Six years later, Dr. Barnardo opened Barkingside Village for Girls in Essex, just outside London, where 8-year-old Daisy went in January 1903. Staff took a “before” photograph of Daisy, her hair tangled, her clothes ragged, her look forlorn. Dr. Barnardo had limited space for London’s destitute children and drafted a Canada immigration list for which Daisy qualified, being in “good” health, of good character, and possessing the “rudiments of an English education.”
In April 1903, the 3-foot-10 inch Daisy boarded the massive ship, the Kensington, at Liverpool with 400 other home children, and dozens of Barnardo matrons. Never having left the confines of London, she was now sailing to Canada. Although Daisy was nervous, the ship made a safe passage across the Atlantic. Admiring the icebergs off the coast of Newfoundland, Daisy marvelled at the Chateau Frontenac, as the ship dropped anchor at Quebec City.
At the train station, Daisy, with dozens of other home girls, was herded into a railway car headed for Hazelbrae House in Peterborough, Ontario, where Barnardo girls stayed until they found sponsors. Soon, Daisy moved to a Myrtle, Ontario farm north of Whitby where she worked as a domestic servant for a family. Her sponsor discovered that Daisy did not know how to bake and introduced her to some Canadian recipes like butter tarts. Besides baking, Daisy learned how to do laundry, feed the chickens, and care for young children. She later moved to Bracebridge where she worked for three different families. The children she cared for at one residence were so disrespectful that Daisy wrote to Hazelbrae, begging to be moved. Granted her request, she moved to a fourth home, to a loving family. Needless to say, she found it hard to put down roots and her schooling suffered.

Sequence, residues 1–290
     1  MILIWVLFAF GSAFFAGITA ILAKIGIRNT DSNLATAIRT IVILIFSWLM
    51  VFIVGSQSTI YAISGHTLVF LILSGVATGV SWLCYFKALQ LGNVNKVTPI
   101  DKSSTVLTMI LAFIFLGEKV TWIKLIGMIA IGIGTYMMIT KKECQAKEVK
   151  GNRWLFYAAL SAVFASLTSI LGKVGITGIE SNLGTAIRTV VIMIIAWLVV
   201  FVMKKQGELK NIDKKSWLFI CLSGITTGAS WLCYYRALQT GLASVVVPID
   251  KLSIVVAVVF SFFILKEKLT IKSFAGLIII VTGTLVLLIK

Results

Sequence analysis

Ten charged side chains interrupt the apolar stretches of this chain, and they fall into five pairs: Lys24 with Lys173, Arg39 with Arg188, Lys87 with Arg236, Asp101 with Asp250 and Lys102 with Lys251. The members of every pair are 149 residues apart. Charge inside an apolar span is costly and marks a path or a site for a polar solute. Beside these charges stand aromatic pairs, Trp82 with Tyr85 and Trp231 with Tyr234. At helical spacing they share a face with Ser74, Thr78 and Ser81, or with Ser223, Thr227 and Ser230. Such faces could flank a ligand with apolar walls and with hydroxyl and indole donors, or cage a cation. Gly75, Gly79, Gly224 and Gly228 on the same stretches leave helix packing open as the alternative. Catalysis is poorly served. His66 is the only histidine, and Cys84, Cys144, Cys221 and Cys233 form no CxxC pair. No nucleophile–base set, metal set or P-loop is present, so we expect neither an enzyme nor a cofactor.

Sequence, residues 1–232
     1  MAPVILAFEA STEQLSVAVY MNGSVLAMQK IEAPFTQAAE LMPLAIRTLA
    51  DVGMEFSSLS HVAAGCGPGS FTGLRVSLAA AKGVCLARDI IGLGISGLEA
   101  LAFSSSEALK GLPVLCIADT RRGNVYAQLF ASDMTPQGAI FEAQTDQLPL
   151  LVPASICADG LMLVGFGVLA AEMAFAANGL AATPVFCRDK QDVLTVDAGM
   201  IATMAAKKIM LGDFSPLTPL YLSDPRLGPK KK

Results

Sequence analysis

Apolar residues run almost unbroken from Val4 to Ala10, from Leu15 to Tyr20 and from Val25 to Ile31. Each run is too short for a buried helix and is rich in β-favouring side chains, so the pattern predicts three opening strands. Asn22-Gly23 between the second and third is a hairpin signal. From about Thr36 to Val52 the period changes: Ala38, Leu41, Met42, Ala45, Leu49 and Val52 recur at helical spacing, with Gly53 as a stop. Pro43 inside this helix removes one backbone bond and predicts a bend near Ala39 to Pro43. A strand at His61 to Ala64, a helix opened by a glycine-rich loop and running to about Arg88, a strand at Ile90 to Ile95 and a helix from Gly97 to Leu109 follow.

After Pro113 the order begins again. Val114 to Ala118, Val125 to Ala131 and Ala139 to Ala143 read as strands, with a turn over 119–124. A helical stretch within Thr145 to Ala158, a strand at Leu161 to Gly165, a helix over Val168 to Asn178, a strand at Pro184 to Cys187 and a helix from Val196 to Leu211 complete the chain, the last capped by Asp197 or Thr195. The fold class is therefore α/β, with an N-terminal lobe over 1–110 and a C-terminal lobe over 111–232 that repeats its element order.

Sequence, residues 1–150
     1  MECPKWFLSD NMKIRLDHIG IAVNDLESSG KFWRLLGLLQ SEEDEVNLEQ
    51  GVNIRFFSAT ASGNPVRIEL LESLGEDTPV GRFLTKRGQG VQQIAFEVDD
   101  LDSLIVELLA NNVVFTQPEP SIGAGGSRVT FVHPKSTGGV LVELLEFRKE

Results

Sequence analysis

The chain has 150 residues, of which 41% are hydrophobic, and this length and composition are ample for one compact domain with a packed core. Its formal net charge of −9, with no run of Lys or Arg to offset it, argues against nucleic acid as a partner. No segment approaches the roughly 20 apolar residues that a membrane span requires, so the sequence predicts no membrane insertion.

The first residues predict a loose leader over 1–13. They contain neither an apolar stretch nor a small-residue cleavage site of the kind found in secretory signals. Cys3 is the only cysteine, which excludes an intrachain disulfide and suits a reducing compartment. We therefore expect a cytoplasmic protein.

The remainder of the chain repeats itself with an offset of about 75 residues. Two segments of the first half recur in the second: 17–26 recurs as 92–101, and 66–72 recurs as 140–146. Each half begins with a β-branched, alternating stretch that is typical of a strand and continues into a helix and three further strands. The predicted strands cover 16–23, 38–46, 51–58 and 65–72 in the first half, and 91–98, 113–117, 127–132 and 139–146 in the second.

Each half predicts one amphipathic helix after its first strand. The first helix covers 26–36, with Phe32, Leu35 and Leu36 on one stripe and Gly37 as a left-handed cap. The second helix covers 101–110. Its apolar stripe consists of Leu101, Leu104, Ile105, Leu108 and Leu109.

Canadian adults whom she met were often suspicious of Daisy, assuming all home children were Oliver Twist types. In April 1904, her first sponsor claimed that she “took money out of the boys’ [her sons] pockets.” This comment, however, does not correspond with the London Barnardo staff who called her “hard working and honest.” Canadian children could be cruel; Daisy often heard the refrain: “Don’t play with her. She’s just a home child.” Trying to fit in, she deliberately tried to lose her English accent.
Her accent was not the only thing she lost. Daisy longed to see her brother again. William followed her to Canada in 1905 via the S.S. Canada. Daisy finally discovered that he was living in Manitoba and they started corresponding by mail. Those postcards were a lifeline to Daisy. She would scold William if he did not write for a while. She feared for her brother, knowing that if he didn’t milk the farmer’s cows fast enough, he was whipped. In winter, he had to walk barefoot across the frozen stubble fields. He ran away more than once.